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The Brahmos is a joint development between joint effort between India’s Defense Research and Development Organization (DRDO) and Russia’s NPO Mashinostroeyenia. Capable of traveling at speeds of Mach 3.0, the Brahmos is the fastest cruise missile in the world. As Russia and India Report explained, “The BrahMos’ 3000 km per second speed – literally faster than a bullet – means it hits the target with a huge amount of kinetic energy. In tests, the BrahMos has often cut warships in half and reduced ground targets to smithereens.”

The same report notes that the Su-30 will add to the Brahmos’ already deadly effect. “The Sukhoi’s blistering speed will add extra launch momentum to the missile, plus the aircraft’s ability to penetrate hardened air defences means there is a greater chance for the pilot to deliver the missile on to its designated targets.”

Pairing the Su-30 with the Brahmos missile will also drastically expand the striking power of the air leg of India’s nuclear triad. The Su-30 itself has a range of up to 1,800 kilometers while the Brahmos missile can strike targets nearly 300 kilometers away. Thus, the newly modified Su-30s will allow India’s nuclear aircraft to strike deep in the heart of China or Pakistan, Delhi’s two main adversaries.

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The plan to modify the Su-30 to carry the Brahmos missiles was first hatched back in 2010 when the SFC submitted a proposal for two squadrons of Su-30s to be put under its command. Later, in 2012, India’s cabinet approved the project to modify 42 Su-30s to carry 216 Brahmos missiles. According to the Times of India, the integration project was mostly carried out by BrahMos Aerospace, with HAL also contributing crucial modifications.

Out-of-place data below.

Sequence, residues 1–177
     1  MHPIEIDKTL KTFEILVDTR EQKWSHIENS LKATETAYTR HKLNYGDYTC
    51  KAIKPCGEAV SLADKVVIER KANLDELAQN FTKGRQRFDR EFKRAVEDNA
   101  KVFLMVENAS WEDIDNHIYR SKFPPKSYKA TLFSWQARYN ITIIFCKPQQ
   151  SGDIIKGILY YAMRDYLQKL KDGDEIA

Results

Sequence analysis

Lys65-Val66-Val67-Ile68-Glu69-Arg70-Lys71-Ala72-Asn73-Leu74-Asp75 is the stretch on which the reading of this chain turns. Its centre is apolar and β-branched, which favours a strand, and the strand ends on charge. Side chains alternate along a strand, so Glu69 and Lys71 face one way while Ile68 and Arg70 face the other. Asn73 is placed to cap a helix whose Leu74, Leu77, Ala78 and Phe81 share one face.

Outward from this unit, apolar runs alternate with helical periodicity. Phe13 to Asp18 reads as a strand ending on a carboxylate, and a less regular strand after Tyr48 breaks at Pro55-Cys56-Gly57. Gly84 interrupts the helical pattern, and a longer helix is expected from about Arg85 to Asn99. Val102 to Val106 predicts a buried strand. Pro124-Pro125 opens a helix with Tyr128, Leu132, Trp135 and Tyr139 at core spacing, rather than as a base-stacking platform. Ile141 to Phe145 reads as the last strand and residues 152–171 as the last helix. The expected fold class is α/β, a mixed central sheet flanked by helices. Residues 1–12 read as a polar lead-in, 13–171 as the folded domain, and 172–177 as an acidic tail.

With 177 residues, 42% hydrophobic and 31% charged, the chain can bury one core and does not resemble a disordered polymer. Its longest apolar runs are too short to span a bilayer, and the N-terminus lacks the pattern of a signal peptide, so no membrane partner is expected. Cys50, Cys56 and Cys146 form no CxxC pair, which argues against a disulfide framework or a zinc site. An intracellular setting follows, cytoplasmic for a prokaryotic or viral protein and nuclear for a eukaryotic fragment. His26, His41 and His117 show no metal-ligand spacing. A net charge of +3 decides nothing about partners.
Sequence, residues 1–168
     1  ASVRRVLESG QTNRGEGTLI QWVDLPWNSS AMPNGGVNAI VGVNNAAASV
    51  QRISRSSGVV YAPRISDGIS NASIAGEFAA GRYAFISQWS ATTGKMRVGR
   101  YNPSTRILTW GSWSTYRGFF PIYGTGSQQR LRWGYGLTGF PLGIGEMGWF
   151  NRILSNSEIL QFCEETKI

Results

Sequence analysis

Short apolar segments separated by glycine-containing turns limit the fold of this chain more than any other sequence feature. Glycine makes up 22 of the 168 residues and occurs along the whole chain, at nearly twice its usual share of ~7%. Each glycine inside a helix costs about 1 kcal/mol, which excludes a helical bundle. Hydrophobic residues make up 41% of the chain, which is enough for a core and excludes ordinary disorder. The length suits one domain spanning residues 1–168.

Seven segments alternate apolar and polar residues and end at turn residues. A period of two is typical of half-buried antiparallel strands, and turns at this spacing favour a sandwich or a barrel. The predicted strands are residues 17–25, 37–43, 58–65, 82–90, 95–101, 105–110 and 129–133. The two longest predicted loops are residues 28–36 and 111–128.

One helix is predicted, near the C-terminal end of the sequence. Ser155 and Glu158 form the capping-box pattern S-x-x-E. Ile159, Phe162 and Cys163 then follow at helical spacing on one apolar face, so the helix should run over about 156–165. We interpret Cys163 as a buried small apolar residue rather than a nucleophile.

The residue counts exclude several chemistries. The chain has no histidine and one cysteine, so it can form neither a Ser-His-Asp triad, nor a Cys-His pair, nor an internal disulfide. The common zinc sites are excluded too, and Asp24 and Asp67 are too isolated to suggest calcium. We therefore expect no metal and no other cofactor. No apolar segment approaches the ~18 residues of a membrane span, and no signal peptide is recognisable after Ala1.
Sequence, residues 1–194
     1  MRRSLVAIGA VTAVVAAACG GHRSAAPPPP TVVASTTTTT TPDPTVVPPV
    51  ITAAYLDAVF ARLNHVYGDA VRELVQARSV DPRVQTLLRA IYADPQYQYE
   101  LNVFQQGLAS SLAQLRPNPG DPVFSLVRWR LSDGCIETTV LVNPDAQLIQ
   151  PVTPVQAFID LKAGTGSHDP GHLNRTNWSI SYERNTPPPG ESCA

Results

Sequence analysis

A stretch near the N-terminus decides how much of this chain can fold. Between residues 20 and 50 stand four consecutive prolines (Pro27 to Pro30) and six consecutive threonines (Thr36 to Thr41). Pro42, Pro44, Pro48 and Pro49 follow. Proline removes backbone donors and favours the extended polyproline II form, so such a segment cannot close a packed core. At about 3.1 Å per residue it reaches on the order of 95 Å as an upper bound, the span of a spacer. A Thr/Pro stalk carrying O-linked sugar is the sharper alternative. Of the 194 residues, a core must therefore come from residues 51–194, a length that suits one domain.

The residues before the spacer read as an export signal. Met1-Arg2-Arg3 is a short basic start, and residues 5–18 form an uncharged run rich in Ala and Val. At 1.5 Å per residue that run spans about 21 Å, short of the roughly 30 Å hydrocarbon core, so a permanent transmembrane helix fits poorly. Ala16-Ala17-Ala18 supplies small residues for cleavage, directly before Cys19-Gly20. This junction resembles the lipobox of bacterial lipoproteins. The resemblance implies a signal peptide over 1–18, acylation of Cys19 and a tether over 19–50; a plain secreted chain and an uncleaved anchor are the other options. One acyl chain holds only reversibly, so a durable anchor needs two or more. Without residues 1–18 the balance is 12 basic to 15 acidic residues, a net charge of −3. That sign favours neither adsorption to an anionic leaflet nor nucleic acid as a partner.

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The first of the new planes was handed over to the SFC in February and is believed to have undergone tests last month. Production on the second of the modified Su-30s has already begun. It is unclear when the SFC expects to receive the rest of the planes.

The Brahmos-armed Su-30s is only one of the ways that India is strengthening its strategic deterrent. It has also been busy testing the Agni-V, which is three-stage solid-fueled intermediate-range ballistic missile (IRBM) with a range of about 5,000 km. When the Agni-V is inducted into service, India will have the ability to strike any part of China with nuclear weapons for the first time. Furthermore, India is currently testing ballistic missile submarines (SSBN), which will complete the nuclear triad.

Zachary Keck is the managing editor of The National Interest. You can find him on Twitter: @ZacharyKeck.

Image: Wikimedia/g4sp

TopicsSecurity RegionsAsia

Get Ready: How We Wage War Is About to Change Dramatically

The Buzz

The Washington-based Center for Strategic and Budgetary Assessments (CSBA) recently released a couple of reports that should be required reading for anyone thinking about future force structures. Although looking at different domains—one concerns itself with air combat and the other sea power—there are some common threads that are worth understanding before committing tens of billions of dollars on future forces.

John Stillion’s Trends in air-to-air combat looks at air combat in ‘the missile age.’ From trends in air-to-air kills since the 1960s, Stillion shows that the ‘traditional’ strengths of maneuverability and speed required for air-to-air combat are increasingly being trumped by long-range sensors and weapons. Instead, he argues that a combination of low observability, situational awareness through powerful sensors and long-range weapons that can take advantage of that sensor range will be decisive factors in the future.